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 Table of Contents  
LETTER TO THE EDITOR
Year : 2019  |  Volume : 33  |  Issue : 2  |  Page : 112-116

Comprehensive systematic pain assessment form: Patient's Visiting Pain Clinic


Department of Anesthesiology, Pain and Critical Care, AIIMS, Rishikesh, Uttrakahand, India

Date of Web Publication7-Aug-2019

Correspondence Address:
Dr. Azka Zuberi
Department of Anesthesiology, Pain and Critical Care, AIIMS, Rishikesh, Uttrakahand
India
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Source of Support: None, Conflict of Interest: None


DOI: 10.4103/ijpn.ijpn_32_19

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How to cite this article:
Kathor N, Zuberi A, Gupta N, Kumar A. Comprehensive systematic pain assessment form: Patient's Visiting Pain Clinic. Indian J Pain 2019;33:112-6

How to cite this URL:
Kathor N, Zuberi A, Gupta N, Kumar A. Comprehensive systematic pain assessment form: Patient's Visiting Pain Clinic. Indian J Pain [serial online] 2019 [cited 2019 Aug 17];33:112-6. Available from: http://www.indianjpain.org/text.asp?2019/33/2/112/264077

Sir,

Pain is a wide spectrum of disorders including acute pain, chronic pain, and cancer pain and sometimes a combination of these. Pain can also arise for many different reasons, such as surgery, injury, nerve damage, and metabolic problems such as diabetes. Chronic pain experience is shaped by a myriad of biomedical, psychological, and behavioral factors.[1]

As with other medical specialties, reaching correct diagnosis with comprehensive history and physical emanation is a most important part in the management of patients with pain. We cannot choose the correct treatment modality unless we identify the pain generator correctly and understand the pathophysiology behind it. In modern medicine with the advent of sophisticated imaging, there are tendencies of ignoring history part in clinical examination. Many a times, we jump directly into the magnetic resonance imaging (MRI) or other scans ignoring the importance of proper history in diagnosis of pain. However, we must remember that some abnormality in MRI may not be indicative of the source of pain.[2]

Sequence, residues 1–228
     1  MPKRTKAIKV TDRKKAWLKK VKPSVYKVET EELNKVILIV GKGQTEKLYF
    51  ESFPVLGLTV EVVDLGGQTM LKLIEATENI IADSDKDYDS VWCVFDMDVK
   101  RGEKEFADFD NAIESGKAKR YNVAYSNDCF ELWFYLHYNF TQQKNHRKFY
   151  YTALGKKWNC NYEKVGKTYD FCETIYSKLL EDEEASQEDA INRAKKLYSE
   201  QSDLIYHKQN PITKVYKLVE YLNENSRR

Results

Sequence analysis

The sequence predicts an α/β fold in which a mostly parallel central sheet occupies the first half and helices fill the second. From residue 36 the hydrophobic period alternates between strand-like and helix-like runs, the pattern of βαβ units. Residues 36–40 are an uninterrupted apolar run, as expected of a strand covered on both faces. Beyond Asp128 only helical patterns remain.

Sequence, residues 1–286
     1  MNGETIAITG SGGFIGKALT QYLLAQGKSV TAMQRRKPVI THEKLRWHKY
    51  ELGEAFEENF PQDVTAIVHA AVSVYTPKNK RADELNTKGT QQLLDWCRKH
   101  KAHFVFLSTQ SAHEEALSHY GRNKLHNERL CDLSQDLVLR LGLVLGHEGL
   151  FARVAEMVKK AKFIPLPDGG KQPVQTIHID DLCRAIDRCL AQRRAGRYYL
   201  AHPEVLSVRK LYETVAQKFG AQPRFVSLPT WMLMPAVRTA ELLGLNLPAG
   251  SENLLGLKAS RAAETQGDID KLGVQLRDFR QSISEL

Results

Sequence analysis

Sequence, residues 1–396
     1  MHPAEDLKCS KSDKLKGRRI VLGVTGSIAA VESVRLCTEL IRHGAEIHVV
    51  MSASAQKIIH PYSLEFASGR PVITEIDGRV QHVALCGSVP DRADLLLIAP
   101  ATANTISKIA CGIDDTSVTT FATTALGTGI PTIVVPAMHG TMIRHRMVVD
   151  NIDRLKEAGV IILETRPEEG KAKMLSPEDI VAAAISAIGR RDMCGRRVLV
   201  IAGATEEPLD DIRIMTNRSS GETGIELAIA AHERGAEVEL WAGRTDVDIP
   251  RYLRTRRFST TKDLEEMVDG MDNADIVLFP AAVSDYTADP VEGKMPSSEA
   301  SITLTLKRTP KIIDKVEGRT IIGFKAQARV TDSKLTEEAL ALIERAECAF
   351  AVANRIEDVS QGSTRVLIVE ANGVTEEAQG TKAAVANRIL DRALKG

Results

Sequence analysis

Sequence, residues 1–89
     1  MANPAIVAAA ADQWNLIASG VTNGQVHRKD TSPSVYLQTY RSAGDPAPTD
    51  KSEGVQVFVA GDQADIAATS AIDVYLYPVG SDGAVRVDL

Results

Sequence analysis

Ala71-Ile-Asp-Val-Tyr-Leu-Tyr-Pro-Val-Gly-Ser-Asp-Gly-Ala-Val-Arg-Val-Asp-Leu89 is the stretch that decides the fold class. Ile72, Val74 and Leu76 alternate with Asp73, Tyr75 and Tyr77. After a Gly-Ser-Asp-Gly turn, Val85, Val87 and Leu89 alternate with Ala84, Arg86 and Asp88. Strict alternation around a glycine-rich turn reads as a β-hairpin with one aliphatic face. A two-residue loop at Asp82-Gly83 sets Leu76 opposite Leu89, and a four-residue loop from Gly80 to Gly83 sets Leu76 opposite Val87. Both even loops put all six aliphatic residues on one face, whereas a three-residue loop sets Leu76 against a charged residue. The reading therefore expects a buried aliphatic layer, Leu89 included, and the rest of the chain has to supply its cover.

About 40%–80% of patients with chronic pain are misdiagnosed. The leading cause of misdiagnosis is (a) failure to spend enough time with patient to take careful history and in performing physical examination and (b) using wrong tests.[3]

For improving our diagnosis, we structured a pain assessment form compiling history, physical examination, special tests, and psychological examination in easily understandable, systematic, and step-wise approach.

We have designed the pro forma in two parts:

  • [Form 1]: History and General examination[4] – it should be the first pro forma to be used for any pain complaint as it has whole-body part/dermatological distribution diagram and helps us to assess the pain as a whole.


  • After reaching a differential diagnosis using Form 1, we should use pro forma designed for examination of specific body part or complaint to reach provisional diagnosis, i.e.,

  • [Form 1]A: Evaluation of low back/lower limb pain[4],[5],[6]
  • [Form 1]B: Evaluation of shoulder pain[8],[9]
  • [Form 1]C: Evaluation of knee pain[10],[11]
  • [Form 1]D: Evaluation of neck pain[12],[13]
  • [Form 1]E: Evaluation of hand pain.[14],[15]